Reducing the headcount in a department may also lower ‘co-ordination costs’. That is, incremental innovations can be lost when there are a large number of people involved, it just becomes too complex to organise and spread the new practice.

But with fewer staff available it becomes less complicated for the innovation to spread and take hold. Also, hospitals are beset with professional barriers, where research has found surgeons and senior doctors have an undue influence over new innovations and disciplinary rivalries mean managers are side-lined. With many senior doctors moved to the frontline, this barrier to innovation is lowered away from the frontline.

Thirdly, during the crisis with resources stretched and senior staff focused on the pandemic emergencies, there is less scrutiny on other areas. Other departments can experiment without the gaze and critique of senior management looking over them.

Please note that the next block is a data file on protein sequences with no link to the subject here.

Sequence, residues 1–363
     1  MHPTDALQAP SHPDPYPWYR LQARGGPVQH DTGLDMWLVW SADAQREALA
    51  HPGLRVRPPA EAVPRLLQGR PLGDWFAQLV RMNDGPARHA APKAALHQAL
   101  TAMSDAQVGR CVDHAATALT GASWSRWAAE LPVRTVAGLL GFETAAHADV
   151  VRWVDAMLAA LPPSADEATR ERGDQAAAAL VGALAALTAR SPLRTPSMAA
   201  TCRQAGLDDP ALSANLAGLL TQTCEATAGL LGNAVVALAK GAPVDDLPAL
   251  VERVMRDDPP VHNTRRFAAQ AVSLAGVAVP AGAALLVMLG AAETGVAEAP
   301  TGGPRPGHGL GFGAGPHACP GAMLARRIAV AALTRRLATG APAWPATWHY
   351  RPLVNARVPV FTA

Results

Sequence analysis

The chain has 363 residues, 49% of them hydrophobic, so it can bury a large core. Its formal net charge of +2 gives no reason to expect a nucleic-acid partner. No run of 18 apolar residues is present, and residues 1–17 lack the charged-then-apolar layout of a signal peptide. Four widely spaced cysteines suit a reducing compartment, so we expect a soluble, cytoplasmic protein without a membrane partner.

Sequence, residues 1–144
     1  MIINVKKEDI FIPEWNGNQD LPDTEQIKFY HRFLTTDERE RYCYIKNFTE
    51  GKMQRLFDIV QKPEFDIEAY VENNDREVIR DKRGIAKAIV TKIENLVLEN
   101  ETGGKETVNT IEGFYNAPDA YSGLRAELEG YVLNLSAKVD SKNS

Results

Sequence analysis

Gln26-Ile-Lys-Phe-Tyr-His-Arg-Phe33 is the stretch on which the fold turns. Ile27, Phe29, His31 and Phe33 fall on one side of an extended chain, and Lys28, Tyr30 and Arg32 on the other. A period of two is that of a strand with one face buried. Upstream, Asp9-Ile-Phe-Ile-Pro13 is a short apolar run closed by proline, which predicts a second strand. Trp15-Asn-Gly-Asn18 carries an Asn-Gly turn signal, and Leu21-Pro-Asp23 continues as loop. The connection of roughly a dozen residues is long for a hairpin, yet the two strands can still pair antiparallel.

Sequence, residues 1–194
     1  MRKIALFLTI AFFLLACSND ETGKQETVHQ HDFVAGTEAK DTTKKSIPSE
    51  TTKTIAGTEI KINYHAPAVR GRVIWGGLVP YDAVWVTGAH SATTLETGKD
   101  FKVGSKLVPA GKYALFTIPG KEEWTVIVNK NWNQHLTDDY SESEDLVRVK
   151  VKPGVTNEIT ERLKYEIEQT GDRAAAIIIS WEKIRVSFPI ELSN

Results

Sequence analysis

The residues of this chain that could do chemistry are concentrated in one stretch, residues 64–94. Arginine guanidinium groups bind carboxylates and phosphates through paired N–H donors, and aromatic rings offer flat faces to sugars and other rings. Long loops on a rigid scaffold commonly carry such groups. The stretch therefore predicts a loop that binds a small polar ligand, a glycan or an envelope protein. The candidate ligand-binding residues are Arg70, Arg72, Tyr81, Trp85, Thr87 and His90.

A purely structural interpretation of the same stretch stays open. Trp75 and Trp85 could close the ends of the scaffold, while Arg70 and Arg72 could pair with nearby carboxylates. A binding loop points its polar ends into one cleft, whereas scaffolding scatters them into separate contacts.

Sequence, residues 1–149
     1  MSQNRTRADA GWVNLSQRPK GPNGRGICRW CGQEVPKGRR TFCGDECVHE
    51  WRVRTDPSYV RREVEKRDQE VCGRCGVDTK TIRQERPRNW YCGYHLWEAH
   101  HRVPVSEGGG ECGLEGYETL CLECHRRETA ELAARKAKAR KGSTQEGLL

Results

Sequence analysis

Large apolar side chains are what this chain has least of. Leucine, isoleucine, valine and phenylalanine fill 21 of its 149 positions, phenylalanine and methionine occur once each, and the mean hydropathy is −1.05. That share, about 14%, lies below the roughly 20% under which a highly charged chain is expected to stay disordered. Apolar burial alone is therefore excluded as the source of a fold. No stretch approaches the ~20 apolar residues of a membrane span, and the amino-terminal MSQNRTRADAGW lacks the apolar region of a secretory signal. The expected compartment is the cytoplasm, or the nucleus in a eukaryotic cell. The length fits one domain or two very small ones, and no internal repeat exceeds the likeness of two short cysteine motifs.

Research shows that small ‘skunk’ teams of creative, entrepreneurially-minded and usually younger people, without leaders overseeing them and left to experiment, produce great results. These groups can emerge unintentionally during a crisis, but can also be drafted together by hospital leaders to recreate the sense of adventure and freedom.

The examples we have seen during the pandemic, such as palliative-medicine doctor James Coxon starting the 3DCrowd UK campaign to use people’s 3D printers to manufacture face masks, have been born out of a desperate sense of urgency and scarcity.